Double Board Omaha High Rules and Basic Strategy

Rules of the Game

Double Board Omaha High is typically played with a limit structure where two boards are dealt and the winner of each board gets half of the pot.  It is not an incredibly popular variant; however, it is often spread in mixed cash games in Las Vegas during the WSOP.

Action can be fast and furious because Limit Omaha High on its own often plays very loose and with two boards involved many players will have possibilities.

Basic Strategy

Starting hand selection is important as it is in Limit Omaha High, however, some hands go up in high value while others go down.  Big pairs go up in value because you have more than double the probability of hitting top set.  Then when you play strongly post-flop you also have an opportunity to win the other board by limiting the field and possibly winning the other board with your big pair as well.  Two big pair in the hole is a very strong holding and suited at least once it is a monster hand.

Somewhat speculative hands such as suited ace hand (e.g A♠ J 9♣ 6♠) that doesn’t really have anything else going for it or less than premium rundowns such as 9 8♠ 7♣ 4♠ are examples of hands that go way down in value.  They are quite marginal with one board but with two boards it is very hard to hit the board twice thus you will often be drawing to just half.  Only premium rundowns would seemingly be profitable with two boards, in particular being double suited is very important.  Suited aces require some other value; either accompanied by high cards, a pair, or have some straight possibilities.  In general though, split pot games call for a slightly more snug set of hand standards and this game is no exception.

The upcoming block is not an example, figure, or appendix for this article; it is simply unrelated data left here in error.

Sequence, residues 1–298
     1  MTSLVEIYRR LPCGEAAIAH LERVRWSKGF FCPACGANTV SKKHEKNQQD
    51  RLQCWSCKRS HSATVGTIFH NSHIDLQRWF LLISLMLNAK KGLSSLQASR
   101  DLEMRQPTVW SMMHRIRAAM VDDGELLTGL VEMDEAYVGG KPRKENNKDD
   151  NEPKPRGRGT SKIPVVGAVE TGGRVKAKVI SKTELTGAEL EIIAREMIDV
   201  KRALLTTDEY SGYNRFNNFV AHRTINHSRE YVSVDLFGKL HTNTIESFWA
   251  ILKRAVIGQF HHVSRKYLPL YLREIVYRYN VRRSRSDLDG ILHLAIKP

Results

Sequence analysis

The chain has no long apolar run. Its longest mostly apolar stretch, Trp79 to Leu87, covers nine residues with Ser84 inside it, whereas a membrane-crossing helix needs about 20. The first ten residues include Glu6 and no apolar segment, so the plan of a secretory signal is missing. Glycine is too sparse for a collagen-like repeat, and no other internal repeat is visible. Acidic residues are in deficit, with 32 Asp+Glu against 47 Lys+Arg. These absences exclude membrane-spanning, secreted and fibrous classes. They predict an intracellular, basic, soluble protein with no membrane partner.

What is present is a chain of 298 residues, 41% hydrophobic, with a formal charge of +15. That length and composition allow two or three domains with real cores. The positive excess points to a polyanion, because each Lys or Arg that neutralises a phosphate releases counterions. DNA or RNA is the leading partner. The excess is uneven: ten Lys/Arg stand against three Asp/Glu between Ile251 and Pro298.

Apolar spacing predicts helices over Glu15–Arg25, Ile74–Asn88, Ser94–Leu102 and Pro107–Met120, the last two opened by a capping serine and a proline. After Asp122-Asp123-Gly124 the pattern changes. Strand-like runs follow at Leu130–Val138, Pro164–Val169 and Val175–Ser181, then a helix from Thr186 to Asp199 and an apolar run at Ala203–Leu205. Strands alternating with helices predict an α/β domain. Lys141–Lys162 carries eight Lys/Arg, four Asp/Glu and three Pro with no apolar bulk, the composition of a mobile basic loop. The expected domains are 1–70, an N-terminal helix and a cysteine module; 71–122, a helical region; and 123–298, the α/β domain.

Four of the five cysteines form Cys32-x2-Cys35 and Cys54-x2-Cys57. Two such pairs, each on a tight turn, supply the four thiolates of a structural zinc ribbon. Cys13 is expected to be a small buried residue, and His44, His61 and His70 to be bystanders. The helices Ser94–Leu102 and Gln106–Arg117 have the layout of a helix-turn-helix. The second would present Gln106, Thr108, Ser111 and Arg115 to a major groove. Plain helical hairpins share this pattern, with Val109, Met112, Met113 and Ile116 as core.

On the flop and turn it will often behoove you to play aggressively especially when you have a nut draw on one board and some piece of the other one as well.  Most of the time pushing is the right play to increase your chances of scooping or at least winning one of the boards.   However, there are times to pull such as when you have one or two nut draws but not even a pair to go with them.  Of course sometime you can raise for value with strong draws on both boards when it will probably not knock anyone out.

Further Learning

There are none either online or written that we know of so be on the lookout for more material in future on